BREAKING: College announces rapid testing for the spring semester, virtual commencement in May

By Kendall Polidori, Co-editor-in-chief

In a collegewide email, President and CEO Kwang-Wu Kim announced new plans for the Spring and Fall 2021 semesters, including a virtual commencement and rapid COVID-19 testing. Mengshin Lin

As the Fall 2020 semester comes to an end, Columbia has announced new plans for the Spring and Fall 2021 semesters, shining a light on more changes to come due to the COVID-19 pandemic, including a rapid COVID-19 test, another virtual commencement and hopes for in-person classes in the fall. 

Starting in January, the college plans to implement a new rapid COVID-19 test, which  will help identify and isolate cases faster than was possible during the Fall 2020 semester. 

In a Friday, Dec. 11 email to students and a similar, longer communication to faculty and staff, President and CEO Kwang-Wu Kim said the new testing option will allow the college to expand “certain in-person course offerings and experiences beyond what was possible in the fall semester.”

“The new test can be more easily deployed in programs and courses whose classroom activities carry more risk of exposure and cannot be contemplated without a rapid, same-day test,” he said. 

An exact price the college will pay for the rapid tests is still unclear, according to Associate Vice President of Strategic Communications and External Relations Lambrini Lukidis.

Additionally, in looking ahead to the Spring 2021 semester, Kim said commencement in May will be held virtually. Even though the college hopes for the gradual resumption of smaller-scale activities, a larger event such as commencement is not feasible due to the state of the pandemic locally and nationally.  

He said a campus team is already planning a virtual commencement in the college’s usual multi-ceremony format. There will be special ceremonies dedicated to both the class of 2020 and Spring 2021 graduates.  

“We have the advantage this year of a longer time frame in which to design and execute a more complete virtual ceremony than we were able to offer in May 2020,” Kim said. 

He said both plans will be developed further and more information will be announced in the coming weeks.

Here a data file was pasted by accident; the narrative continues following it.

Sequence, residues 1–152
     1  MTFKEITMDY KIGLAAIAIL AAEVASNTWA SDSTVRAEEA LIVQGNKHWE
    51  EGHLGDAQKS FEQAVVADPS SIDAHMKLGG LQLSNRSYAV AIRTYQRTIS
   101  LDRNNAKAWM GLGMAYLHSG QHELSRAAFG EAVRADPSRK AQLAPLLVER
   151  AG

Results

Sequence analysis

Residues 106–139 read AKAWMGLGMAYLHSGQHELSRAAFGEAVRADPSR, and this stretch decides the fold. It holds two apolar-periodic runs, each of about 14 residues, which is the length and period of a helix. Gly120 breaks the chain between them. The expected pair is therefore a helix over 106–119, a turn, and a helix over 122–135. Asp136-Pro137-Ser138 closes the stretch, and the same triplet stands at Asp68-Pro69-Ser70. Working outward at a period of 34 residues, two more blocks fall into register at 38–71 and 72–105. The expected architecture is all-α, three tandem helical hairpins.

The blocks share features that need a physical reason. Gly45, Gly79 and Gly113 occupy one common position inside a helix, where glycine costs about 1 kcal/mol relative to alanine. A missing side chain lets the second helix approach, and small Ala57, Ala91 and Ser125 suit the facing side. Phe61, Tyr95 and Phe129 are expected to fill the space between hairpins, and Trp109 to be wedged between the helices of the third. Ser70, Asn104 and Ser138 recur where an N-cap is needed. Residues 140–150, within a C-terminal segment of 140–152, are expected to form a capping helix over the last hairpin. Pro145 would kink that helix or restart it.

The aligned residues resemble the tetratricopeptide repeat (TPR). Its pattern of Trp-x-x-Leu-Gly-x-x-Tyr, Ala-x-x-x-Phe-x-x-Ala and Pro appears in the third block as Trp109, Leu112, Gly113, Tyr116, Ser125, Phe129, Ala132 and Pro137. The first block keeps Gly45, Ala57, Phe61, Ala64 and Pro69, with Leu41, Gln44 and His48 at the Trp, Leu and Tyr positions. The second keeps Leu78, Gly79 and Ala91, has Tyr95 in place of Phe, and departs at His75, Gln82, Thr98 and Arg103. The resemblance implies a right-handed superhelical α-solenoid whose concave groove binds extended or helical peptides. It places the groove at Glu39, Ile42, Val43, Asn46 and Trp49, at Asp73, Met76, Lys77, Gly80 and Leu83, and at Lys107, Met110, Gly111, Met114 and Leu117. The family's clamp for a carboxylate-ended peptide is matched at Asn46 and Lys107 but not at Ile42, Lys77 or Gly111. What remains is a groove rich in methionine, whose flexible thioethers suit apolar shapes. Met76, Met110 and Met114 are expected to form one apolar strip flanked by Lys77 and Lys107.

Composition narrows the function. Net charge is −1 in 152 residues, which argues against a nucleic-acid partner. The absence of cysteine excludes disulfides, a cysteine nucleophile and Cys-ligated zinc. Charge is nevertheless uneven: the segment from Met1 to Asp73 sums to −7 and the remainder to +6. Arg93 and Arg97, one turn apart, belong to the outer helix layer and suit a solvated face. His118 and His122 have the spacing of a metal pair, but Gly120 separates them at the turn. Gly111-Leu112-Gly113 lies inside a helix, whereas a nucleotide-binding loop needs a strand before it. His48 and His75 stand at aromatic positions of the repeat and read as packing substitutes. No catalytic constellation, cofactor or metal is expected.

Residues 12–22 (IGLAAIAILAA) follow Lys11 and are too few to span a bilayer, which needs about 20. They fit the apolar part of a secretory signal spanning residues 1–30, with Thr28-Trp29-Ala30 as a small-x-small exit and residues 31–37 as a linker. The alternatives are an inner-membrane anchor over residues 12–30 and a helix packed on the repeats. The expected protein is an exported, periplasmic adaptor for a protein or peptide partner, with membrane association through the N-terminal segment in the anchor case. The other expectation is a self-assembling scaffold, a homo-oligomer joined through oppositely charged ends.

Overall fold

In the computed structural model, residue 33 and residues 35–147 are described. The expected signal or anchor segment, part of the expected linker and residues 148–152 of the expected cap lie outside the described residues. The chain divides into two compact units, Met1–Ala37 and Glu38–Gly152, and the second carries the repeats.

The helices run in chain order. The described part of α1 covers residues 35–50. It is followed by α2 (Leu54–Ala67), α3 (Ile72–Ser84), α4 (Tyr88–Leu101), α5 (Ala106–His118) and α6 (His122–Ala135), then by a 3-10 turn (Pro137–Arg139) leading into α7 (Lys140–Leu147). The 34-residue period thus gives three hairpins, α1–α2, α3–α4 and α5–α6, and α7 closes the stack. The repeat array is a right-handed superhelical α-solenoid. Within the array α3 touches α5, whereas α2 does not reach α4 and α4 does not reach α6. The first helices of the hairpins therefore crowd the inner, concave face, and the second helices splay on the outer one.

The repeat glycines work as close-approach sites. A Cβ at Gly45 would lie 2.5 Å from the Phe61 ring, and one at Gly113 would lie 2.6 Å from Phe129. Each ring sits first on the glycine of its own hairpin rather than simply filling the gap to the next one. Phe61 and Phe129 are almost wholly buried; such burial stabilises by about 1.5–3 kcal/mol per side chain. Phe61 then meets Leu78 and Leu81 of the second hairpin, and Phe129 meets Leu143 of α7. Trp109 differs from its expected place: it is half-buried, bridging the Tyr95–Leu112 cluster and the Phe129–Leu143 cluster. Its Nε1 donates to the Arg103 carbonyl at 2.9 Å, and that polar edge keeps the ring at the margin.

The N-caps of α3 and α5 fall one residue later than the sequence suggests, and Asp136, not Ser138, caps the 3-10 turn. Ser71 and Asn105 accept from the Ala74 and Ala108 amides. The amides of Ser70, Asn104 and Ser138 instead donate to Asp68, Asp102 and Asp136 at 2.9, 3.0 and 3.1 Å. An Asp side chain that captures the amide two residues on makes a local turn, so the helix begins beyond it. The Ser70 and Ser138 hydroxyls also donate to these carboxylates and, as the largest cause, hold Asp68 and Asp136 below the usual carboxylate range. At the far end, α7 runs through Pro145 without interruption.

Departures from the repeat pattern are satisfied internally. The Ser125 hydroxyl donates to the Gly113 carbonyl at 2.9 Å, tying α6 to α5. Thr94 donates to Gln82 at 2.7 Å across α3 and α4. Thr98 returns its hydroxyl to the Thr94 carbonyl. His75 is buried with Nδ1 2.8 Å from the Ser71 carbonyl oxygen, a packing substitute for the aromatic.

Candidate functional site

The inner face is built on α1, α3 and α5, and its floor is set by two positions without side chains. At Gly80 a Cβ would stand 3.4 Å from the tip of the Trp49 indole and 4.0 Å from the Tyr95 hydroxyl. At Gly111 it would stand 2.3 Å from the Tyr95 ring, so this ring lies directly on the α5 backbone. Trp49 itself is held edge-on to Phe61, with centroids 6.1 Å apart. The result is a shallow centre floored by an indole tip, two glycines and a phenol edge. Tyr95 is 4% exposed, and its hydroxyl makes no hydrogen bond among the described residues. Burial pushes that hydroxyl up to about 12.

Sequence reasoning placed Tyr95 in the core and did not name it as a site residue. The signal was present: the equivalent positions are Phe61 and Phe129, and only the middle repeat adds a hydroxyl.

For the Fall 2021 semester, Kim said the college plans to capitalize on the availability and distribution of a vaccine to offer an in-person class schedule “on a par with pre-COVID offerings.” 

But, he said this will be predicated on immunizations and advice from experts, the circulation of the vaccine and the possibility of the state lifting current social distancing guidelines. 

Lukidis said at this point Columbia hopes to continue with a hybrid approach for the summer, but the plans are not definitive. 

The college is looking into offering vaccines on-campus for students, faculty and staff, depending on the availability of distribution by the fall, she said. 

Even with the expected nationwide rollout of a vaccine in the months ahead, COVID-19 precautions will still be in place and plans are subject to change through constant consultation with public health agencies, experts at Rush University Medical Center and the University of Chicago.

In the similar Dec. 11 email sent to faculty and staff that also included an update on the college’s financial situation, Kim said Columbia is still moving forward with its five-year plan and looking to achieve “enrollment success and to make financial progress.” He called Fall 2019 “a banner year in total enrollment and new student recruitment,” but the pandemic disrupted that progress and led to net tuition revenues dropping by $17 million last fiscal year.

Kim said the Fall 2020 semester saw “modest growth” in freshman enrollment, but overall the college’s enrollment declined around 2.5%. He said the decline can be attributed to a freshman-to-sophomore retention rate that was 6 percentage points below the college’s pre-pandemic projection. 

The economic impact of the pandemic on students and families led the Board to rescind the previously approved 2% tuition increase for 2020-21. Additionally, the limitations on residence hall room occupancy further reduced revenues, and Kim said the college has taken on significant expenses as it implements necessary campus health and safety protocols.

Kim reiterated that the board approved a budget for the current fiscal year with a $34 million deficit, which he called “a remarkable gesture of confidence in and support for the college,” while also noting that it was not sustainable over an extended period. 

He said the college is facing two near-term concerns: The number of current students registered for spring classes is less than expected, and there are “a higher-than-usual number of students who are seeking to get out of their residence hall room contracts in the spring.”

Kim said he has asked college leadership to limit any non-essential spending and could not rule out “painful cost cutting measures that we have avoided so far” if “external circumstances worsen and our enrollment and financial indicators deteriorate further.” 

He ended his announcement to faculty and staff with a bit of positivity and levity for good measure: “Here’s to a rest-filled holiday season and to a new year full of renewed hope and possibility. (It has to be better than this one…)”

More updates to come.